Wednesday, January 18, 2012

Costa Concordia: The Tale of the Coward and the Hero

by Pa Rock
Citizen Journalist

Shareholders in Carnival Cruise Lines (CCL) got a sobering reality check yesterday when shares in their stock dropped from $34.28 a share to $29.60 - a drop of $4.68 per share during one trading day.  The cause of that precipitous drop was, of course, the capsizing of the cruise ship, the Costa Concordia, off the coast of Italy.  The Costa Concordia is owned and operated by Carnival Cruise Lines.

For the past couple of days we have all been transfixed by images on the Internet of the big, beautiful cruise ship lying on its side in the Aegean, mostly submerged.  There were at least eleven deaths in the incident, and possibly more than twenty.

Today two tales have emerged regarding employees of the ship, one a tale of cowardice and the other a more uplifting story of heroism.  Sadly, the coward was Francesco Schettino, the ship's captain.  When he realized that his ship was in trouble, Captain Schettino wasted no time in getting himself aboard one of the lifeboats - hours before some of the passengers were able to do so.  None of that "Captain goes down with his ship" for that old sailor.  Today a tape was released in which a member of the Italian Coast Guard was heard ordering the Captain to return to his ship, but the Captain was refusing, saying that he could be of more help directing the recovery operation from the lifeboat.

Captain Schettino was arrested by Italian authorities for dereliction of duty, but today he was released into a program of house arrest.  He continues to deny that he did anything wrong.

The other employee of the ship who made news was a British teenager named James Thomas who was working as a dancer on board the vessel.  He discovered that some passengers had gone to the wrong floor and could not reach the lifeboats.  Young Thomas turned himself into a human ladder allowing passengers to climb down his body in order to reach the safety of the lifeboats.  The 6-foot 3-inch physically fit young dancer told the Daily Mirror:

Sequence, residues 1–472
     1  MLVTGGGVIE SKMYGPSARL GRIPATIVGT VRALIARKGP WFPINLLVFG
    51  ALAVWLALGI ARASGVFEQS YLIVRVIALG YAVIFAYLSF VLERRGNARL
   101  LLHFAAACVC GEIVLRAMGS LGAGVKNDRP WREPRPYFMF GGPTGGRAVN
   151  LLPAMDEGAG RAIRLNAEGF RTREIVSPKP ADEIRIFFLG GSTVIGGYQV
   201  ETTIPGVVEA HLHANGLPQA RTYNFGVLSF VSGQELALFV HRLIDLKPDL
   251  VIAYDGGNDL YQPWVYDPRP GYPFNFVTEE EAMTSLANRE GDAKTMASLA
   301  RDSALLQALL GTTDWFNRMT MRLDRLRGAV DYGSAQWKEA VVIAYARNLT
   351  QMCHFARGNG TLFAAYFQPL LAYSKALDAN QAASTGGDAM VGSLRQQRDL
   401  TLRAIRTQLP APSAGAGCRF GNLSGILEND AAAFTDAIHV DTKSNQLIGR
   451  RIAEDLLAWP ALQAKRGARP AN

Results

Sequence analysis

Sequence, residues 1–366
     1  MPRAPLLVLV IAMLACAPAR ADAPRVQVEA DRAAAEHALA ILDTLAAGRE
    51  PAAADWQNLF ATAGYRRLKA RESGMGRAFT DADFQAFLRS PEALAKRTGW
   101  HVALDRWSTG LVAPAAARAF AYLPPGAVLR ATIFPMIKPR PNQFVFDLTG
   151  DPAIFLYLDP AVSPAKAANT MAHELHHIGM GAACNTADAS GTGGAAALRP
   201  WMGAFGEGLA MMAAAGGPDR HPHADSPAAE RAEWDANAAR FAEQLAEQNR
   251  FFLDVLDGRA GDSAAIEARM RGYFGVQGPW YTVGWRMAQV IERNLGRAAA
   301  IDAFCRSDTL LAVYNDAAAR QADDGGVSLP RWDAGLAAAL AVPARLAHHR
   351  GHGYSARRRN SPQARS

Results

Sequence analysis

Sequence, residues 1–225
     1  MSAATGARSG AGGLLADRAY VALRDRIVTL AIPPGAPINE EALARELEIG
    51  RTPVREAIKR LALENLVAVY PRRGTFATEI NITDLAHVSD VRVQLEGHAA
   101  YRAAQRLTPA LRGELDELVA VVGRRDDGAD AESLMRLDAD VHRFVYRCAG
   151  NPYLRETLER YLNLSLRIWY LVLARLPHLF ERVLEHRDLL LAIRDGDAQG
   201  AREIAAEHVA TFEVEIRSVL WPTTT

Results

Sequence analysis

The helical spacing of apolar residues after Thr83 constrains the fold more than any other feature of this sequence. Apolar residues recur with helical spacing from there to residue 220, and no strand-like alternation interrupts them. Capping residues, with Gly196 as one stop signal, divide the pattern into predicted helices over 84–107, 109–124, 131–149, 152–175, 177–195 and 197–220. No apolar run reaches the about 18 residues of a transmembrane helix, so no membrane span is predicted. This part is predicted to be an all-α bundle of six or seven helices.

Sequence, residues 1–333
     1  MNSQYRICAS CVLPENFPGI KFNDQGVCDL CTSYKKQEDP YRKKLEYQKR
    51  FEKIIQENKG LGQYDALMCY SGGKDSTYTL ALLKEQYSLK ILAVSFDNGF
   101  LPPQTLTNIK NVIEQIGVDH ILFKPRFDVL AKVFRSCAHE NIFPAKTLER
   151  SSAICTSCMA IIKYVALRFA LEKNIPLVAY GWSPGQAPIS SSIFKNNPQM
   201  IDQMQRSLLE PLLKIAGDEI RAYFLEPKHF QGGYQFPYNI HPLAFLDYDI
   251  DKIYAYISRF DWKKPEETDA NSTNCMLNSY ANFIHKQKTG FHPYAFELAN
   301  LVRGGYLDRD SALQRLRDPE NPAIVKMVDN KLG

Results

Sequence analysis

"We couldn't get the lifeboats off and the life rafts the staff use were stuck to the side of the ship.  It was frightening.  People couldn't get down, the drop was too far, so I lowered myself into position.  I grabbed the lifeboat with one arm and the upper deck rail with the other and let people climb on my shoulder and down my body."

One of the passengers that James Thomas helped to rescue ultimately pulled the hero himself into a lifeboat.

The Costa Concordia had a staff of 1,023 - but many of those were involved in running the bars, casinos, theatres, shops, restaurants, and swimming pools on board the cruise ship.  Very few were qualified seamen, and most did not have sufficient training to deal with a sea-going emergency - including, it would seem, the ship's captain.

Fortunately for several of those on board, a young dancer mustered the courage to act courageously in the face of danger and save lives.  James Thomas is his name, and he is a hero!

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